Saturday 28 November (Paris) – Climate change is a global issue like conflicts and the financial meltdown and like them it requires global solidarity and cooperation, says international agency ActionAid ahead of climate talks in Paris.
That is why rich, developed nations that have caused climate change must support a deal that helps developing countries adapt to the impacts and deal with the loss and damage caused.
As world leaders head to Paris for the Conference of the Parties (COP21), ActionAid is joining local communities across the world to demand more ambition from world leaders, including a commitment on a Global Goal on Adaptation and a stronger institution to address loss and damage.
ActionAid has calculated that finance for climate change adaptation in developing countries needs to increase to at least US$50 billion per year by 2020.
Adriano Campolina, Chief Executive of ActionAid, said:
“Just like conflicts and the financial meltdown, climate change is a global issue that calls for global solidarity and cooperation.
“Climate change is happening now, and countries such as Bangladesh and Senegal are on the front line. People are losing their homes and land, their crops and water, and women are particularly vulnerable to these impacts.
“Climate change is driving increasing levels of hunger, poverty, disease and migration. But without financial support from rich countries, poorer countries will be unable to cope with these impacts.
“The rich developed nations that are most responsible for the climate crisis, must live up to their responsibility to support developing countries. Rich countries must keep to their 2009 Copenhagen pledge to provide US$100 billion, so that developing countries can adapt to climate impacts and choose greener development pathways.
“World leaders must agree a credible plan to provide enough money. Otherwise the new climate agreement will be leaving the world’s most vulnerable people to fend for themselves.”
ActionAid is already working with communities to help them deal with a changed climate, as well as responding to climate-related disasters. ActionAid is also campaigning for change at the global level, because international action is needed to make a difference.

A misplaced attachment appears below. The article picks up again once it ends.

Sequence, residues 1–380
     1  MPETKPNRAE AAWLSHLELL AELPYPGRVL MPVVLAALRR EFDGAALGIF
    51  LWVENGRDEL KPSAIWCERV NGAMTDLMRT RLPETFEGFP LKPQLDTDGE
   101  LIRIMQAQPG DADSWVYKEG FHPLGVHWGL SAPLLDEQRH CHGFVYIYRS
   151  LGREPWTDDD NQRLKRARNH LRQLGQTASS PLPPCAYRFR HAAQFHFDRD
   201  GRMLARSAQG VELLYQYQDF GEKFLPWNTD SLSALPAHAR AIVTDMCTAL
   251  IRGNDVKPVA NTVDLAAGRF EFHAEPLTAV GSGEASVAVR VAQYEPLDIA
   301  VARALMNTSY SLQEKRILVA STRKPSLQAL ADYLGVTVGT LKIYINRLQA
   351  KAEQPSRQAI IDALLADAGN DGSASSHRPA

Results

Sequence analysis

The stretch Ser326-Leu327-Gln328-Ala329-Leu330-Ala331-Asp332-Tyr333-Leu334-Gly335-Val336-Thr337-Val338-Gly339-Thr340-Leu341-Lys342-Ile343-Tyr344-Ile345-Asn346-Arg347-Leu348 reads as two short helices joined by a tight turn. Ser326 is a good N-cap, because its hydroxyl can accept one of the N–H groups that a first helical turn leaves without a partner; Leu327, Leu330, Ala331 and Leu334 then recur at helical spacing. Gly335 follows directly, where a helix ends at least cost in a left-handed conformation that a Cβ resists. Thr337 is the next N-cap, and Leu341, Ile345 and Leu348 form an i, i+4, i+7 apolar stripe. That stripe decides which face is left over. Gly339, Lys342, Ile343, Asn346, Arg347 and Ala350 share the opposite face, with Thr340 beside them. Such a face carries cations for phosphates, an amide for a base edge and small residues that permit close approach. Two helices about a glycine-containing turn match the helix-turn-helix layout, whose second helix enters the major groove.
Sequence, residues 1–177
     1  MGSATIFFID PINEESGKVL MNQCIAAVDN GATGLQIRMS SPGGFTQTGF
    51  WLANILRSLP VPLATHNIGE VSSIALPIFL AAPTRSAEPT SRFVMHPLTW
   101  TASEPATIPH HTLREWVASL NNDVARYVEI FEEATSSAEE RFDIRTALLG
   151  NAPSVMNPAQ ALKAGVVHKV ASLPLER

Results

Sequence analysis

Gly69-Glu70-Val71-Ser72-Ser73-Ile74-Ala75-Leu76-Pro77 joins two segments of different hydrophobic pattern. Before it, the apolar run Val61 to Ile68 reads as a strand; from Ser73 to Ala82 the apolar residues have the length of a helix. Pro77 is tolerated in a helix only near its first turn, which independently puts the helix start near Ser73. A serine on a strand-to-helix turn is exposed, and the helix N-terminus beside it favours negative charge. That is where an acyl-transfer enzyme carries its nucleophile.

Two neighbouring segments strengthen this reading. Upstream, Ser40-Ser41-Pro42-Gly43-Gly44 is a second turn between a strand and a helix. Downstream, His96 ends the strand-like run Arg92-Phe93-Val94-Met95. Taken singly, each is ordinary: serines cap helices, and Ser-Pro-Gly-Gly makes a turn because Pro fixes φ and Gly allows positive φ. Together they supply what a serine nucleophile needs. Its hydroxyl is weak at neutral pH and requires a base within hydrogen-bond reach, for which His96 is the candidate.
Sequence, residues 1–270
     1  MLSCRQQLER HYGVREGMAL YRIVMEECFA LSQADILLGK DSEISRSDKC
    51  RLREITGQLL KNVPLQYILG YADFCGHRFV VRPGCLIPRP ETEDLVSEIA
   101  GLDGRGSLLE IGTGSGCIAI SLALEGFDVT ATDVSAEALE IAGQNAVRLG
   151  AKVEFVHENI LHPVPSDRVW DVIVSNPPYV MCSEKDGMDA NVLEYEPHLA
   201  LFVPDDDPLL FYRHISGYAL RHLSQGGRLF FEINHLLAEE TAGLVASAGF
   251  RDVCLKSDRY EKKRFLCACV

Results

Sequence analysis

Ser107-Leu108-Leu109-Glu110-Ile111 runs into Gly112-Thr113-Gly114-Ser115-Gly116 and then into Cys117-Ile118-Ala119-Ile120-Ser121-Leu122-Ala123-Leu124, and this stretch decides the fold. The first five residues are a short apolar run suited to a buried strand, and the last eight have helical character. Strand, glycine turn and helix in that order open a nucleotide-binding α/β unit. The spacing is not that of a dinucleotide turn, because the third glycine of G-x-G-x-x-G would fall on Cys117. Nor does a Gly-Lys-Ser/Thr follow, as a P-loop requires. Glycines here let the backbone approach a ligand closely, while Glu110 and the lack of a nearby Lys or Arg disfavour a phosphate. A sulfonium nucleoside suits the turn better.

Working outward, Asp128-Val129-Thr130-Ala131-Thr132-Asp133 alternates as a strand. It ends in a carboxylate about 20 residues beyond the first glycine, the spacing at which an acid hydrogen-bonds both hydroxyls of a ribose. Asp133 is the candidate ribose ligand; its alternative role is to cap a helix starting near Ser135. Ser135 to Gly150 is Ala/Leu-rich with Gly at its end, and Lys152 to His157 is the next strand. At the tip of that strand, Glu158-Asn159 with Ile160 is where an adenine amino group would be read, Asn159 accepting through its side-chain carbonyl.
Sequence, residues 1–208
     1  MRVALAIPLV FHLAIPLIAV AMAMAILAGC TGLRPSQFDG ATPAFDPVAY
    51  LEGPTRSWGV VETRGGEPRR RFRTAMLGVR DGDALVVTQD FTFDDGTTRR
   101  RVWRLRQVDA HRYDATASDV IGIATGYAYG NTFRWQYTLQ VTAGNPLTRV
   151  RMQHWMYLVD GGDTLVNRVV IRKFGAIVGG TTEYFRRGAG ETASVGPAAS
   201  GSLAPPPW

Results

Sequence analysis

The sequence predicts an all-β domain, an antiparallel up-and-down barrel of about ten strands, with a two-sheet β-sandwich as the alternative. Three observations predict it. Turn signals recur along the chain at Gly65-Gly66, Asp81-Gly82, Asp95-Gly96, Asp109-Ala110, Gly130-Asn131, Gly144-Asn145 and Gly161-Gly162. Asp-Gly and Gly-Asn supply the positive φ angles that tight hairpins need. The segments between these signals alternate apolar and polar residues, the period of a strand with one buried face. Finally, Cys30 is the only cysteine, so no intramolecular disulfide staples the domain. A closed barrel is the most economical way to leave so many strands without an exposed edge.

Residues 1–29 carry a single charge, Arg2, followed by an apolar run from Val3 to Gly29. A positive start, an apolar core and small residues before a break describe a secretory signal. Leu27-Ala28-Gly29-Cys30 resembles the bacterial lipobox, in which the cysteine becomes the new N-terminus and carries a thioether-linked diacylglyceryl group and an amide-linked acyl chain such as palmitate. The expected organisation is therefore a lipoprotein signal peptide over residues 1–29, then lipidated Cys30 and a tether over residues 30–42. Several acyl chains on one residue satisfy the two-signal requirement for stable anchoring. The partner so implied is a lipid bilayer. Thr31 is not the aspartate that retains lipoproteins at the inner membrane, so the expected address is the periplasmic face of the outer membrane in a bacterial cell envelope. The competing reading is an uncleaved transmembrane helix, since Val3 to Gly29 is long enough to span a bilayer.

Climate adaptation efforts are a priority focus for many developing countries. They have contributed the least to cause climate change, but they are more vulnerable and lack the necessary financial resources to cope with climate impact.
- ActionAid is leading the way in helping people protect their lives and livelihoods, from building flood-proof villages, to providing salt resistant seeds and teaching children how to survive in a disaster. The impacts of climate change are felt most keenly in developing countries and especially by women. Women are more likely to be adversely affected by climate change than men, according to the UN. When floods hit, homes and crops are destroyed. Women have to walk long distances to find clean water, fuel and food for their families. The essential things women need to help them adapt – land and money – are often not available to them.
- ActionAid’s recent reportMind the Adaptation Gap, reveals the cost of helping poor people adapt to climate change amounts to around 0.1 per cent of a rich nation’s GDP. The 0.1 per cent cost of adaptation is relatively small compared with the seven per cent of GDP major economies spent on bailing out the banks after the 2008 financial crisis, or the two per cent of GDP that NATO members commit to spending annually on defence.
- However, rich nations’ current contributions to helping poor countries adapt to the climate crisis fall far below the amount of money needed. Rich countries must increase the total amount of grant-based finance provided for adaptation in developing countries from the $3-5 billion in 2013, to at least $50 billion per year by 2020, and at least $150 billion per year by 2025.
- Climate finance must be additional to Official Development Assistance (ODA), and must not affect the amounts countries spend on ODA. Adaptation to climate change enables and increases development, but it does not substitute for existing development plans, which are crucial for safeguarding people’s rights and social justice.